When the valve body 12 is connected to a pressurized fluid supply, the pressurized fluid enters the upper end of the valve body 12, passes through the upper seat ring 22 and initially opens the upper check valve 32 when the pressure of the fluid supply exceeds the bias force of the first spring 54. At this point, the upper check valve 32 begins movement toward the position illustrated in FIG. 2 and fluid flows between the upper check valve 32 and upper seat ring 22. Then as the fluid pressure acts against the lower check valve 34, the pressure will cause pivotal movement of the lower check valve 34 around the transverse pin 42 of the valve guide 36, and the wing portions 72 act on the lower surface of the valve body 12 to thus pull the valve guide 36 downwardly against the bias of the second spring 56 as the lower check valve 34 pivots. Thus, it can be seen that it is necessary for the fluid pressure to overcome the bias of the second spring 56 in order to open the lower check valve 34. Also note that since the lower check valve 34 is mounted about the eccentrically located transverse pin 42, the lower check valve 34 will assume a position closer to one side of the valve body 12 in the fully open position, and the downward travel of the valve guide 36 is limited by the engagement between stop surface 58 and the annular step 62. During this orientation, pressurized fluid supply is provided through the double-check valve assembly 10 into a storage tank (not shown).
The valve guide 36, lower check valve 34 and locking key 76 are preferably nylon. The construction of these elements from plastic allows the device to be inexpensively produced without requiring the additional machining operations associated with the prior art. It is, however, understood that other materials can be used for these parts and that plastic is preferable because it permits quick and inexpensive manufacture.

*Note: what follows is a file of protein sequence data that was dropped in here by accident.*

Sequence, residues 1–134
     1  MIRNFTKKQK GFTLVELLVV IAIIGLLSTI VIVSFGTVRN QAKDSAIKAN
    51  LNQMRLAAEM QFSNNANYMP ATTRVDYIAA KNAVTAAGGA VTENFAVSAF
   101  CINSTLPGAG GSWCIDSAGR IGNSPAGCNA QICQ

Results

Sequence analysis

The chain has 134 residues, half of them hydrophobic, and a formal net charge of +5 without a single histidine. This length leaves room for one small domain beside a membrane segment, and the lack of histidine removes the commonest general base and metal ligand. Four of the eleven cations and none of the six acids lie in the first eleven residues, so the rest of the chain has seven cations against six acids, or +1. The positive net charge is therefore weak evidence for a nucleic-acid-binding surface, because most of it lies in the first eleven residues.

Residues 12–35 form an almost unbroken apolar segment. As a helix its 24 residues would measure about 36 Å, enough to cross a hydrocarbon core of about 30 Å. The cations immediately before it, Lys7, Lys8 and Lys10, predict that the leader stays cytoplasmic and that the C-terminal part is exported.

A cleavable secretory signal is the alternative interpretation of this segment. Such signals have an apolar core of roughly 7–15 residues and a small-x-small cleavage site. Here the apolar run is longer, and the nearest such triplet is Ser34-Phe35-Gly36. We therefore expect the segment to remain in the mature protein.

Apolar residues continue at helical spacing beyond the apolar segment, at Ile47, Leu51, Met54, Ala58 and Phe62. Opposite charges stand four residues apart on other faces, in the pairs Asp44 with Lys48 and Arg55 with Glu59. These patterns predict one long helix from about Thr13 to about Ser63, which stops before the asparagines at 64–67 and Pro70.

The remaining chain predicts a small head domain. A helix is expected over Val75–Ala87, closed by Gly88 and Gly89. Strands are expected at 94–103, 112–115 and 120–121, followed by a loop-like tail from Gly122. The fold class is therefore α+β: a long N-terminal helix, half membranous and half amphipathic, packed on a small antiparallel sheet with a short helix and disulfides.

It can also be seen that the design of the present invention allows for easy servicing of the upper check valve 32 or the replacement of the upper check valve and the valve guide 36. By simply removing the upper seat ring 22, the double-check valve assembly can be accessed for repair and/or replacement.
Referring now to FIGS. 8 and 9, a second embodiment of the double-check valve assembly of the present invention is indicated generally at 82. Basically, the structure of the double-check valve assembly 82 is substantially identical to that of the double-check valve 10, and consequently the same reference numerals will be used in FIGS. 8 and 9 for structures identical to those identified by these reference numerals in the previous figures. Only the upper portion of the double-check valve assembly 82 shown in FIG. 8 has been modified and the lower portion, including the lower check valve 34 and the lower portion of the valve guide 36, is identical in structure to that shown in FIGS. 1-7.